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    The Dixie Fire shows no signs of slowing down.

    Portions of a small Northern California town were engulfed by the Dixie Fire on Wednesday evening, leaving stretches of the community unrecognizable and covered in rubble.

    Greenville, Calif. — with a population of about 800 about 150 miles north of Sacramento — was placed under a mandatory evacuation order on Monday. By Wednesday night, amid worsening weather conditions, the Plumas County Sheriff’s Office had underscored the warning: “If you are still in the Greenville area, you are in imminent danger and you must leave now!!” county officials said on Facebook. “If you remain, emergency responders may not be able to assist you.”

    The Dixie Fire, California’s largest wildfire this year, has burned more than 306,000 acres and was only 35 percent contained by Thursday morning. At least 45 structures have been burned since the fire started on July 14. Its cause remains under investigation.

    Jake Cagle, an operations section chief for California Incident Management, said in a fire briefing late Wednesday night that some residents had chosen to stay.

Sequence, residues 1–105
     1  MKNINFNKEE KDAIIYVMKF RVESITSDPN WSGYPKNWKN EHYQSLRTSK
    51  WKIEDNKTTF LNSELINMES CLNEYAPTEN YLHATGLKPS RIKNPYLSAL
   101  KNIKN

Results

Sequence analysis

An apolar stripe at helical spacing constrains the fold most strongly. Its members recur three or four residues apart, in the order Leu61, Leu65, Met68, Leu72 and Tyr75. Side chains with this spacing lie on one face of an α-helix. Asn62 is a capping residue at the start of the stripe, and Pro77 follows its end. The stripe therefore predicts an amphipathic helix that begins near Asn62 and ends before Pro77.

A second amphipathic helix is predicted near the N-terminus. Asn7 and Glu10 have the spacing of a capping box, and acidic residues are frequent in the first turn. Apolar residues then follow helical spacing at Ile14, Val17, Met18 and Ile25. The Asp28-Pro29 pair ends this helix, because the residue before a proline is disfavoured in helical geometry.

“These are not the normal fires anymore,” Mr. Cagle said. “It’s just intense fire behavior, and it’s not what we’re used to.”

    While fire officials have yet to confirm the extent of the damage in Greenville, photographs circulating on Twitter from news agencies and others showed buildings along Main Street and Highway 89 burned to the ground and heavy smoke clouding the skies. An Associated Press photographer who was in Greenville said multiple historic buildings and dozens of homes had been destroyed.

    “From my understanding, we lost everything in Greenville,” Teresa J. Clark, a resident who was escorted out, told The Paradise Post, a local newspaper.

    Firefighters had been working to protect buildings in Greenville, according to Cal Fire, and aircraft were also working to support ground efforts where visibility allowed.

    A red flag warning, indicating conditions are ripe for increased risk of fire danger, was in effect for areas around the Sacramento Valley and points farther north, including Plumas County, through Thursday, the National Weather Service said. Winds gusts up to 35 m.p.h. were also expected, with single-digit humidity.

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